Jessica Lynch, a 19-year-old female soldier, was portrayed by the U.S. military and media as a war hero who kept firing till the last bullet after her convoy was ambushed in April 2003 in Nasiriyah, southern Iraq. They even claimed that Lynch was raped and tortured after being captured by the Iraqis.
Later, American special forces “rescued” Lynch from the Iman Hussein Hospital in Nasiriyah, in an operation deliberately filmed to make her an all-American hero.
However, Khudhair Saadi, an Iraqi doctor who attended Lynch at the hospital, told Xinhua that Lynch was taken good care of in the hospital and no harm was done to her.
Even Lynch herself debunked the lie later, criticizing the glorified story about her. “I’m not about to take credit for something I didn’t do,” she said.
Nonetheless, the only American lie bigger than the WMDs allegation and “war heroes” propaganda is the promise to bring about democracy and prosperity to Iraq, which is still mired by political instability and economic hardship caused by long years of devastating wars.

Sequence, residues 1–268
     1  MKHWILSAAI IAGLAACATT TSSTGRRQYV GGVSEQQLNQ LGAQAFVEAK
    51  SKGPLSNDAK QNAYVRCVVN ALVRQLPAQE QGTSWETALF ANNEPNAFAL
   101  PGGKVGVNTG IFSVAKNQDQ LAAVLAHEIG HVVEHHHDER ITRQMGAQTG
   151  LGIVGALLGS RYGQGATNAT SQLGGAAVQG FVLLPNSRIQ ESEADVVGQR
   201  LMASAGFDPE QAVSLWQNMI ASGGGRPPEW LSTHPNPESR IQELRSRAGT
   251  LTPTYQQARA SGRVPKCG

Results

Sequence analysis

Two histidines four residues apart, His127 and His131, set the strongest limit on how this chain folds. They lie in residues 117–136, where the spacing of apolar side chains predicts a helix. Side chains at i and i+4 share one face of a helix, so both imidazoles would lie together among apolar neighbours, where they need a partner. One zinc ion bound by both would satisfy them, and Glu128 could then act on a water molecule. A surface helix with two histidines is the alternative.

As of today, the U.S. Department of State still warns citizens of traveling to Iraq due to “terrorism, kidnapping, armed conflict, and civil unrest,” the full set of side effects of the U.S. “democracy crusade.”
“I used to believe the American propaganda, thinking it can bring a better life to the country. But I couldn’t be more wrong,” said al-Dhehaybah. “The United States is a brutal aggressor who tries to rule the world, and Iraq is just one of the victims.”
(Video reporters: Yang Yiran, Chen Mengyang, Dong Yalei, Fan Shuaishuai and Wang Shang; video editors: Yu Jiaming and Zhang Yuhong)■